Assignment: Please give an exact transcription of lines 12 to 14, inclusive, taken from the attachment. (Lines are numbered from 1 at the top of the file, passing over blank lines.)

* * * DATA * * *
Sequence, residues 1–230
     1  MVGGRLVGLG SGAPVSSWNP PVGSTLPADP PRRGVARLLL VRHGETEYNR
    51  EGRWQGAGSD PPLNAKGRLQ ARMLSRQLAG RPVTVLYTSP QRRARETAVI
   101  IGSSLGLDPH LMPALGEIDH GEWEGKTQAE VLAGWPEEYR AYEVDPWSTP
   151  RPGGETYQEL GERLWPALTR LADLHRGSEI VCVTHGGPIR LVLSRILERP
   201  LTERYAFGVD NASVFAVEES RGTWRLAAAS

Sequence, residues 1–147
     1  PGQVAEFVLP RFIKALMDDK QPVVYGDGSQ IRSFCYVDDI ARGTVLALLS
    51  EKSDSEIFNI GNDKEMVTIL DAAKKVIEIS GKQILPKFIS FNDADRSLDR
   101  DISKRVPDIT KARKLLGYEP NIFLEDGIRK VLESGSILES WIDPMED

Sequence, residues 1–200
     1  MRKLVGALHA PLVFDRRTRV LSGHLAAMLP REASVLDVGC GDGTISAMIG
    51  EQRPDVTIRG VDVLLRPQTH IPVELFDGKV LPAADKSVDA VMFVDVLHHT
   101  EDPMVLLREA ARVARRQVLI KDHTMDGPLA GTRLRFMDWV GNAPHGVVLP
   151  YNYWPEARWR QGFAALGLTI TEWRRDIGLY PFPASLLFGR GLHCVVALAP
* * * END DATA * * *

     1  MRKLVGALHA PLVFDRRTRV LSGHLAAMLP REASVLDVGC GDGTISAMIG
    51  EQRPDVTIRG VDVLLRPQTH IPVELFDGKV LPAADKSVDA VMFVDVLHHT
   101  EDPMVLLREA ARVARRQVLI KDHTMDGPLA GTRLRFMDWV GNAPHGVVLP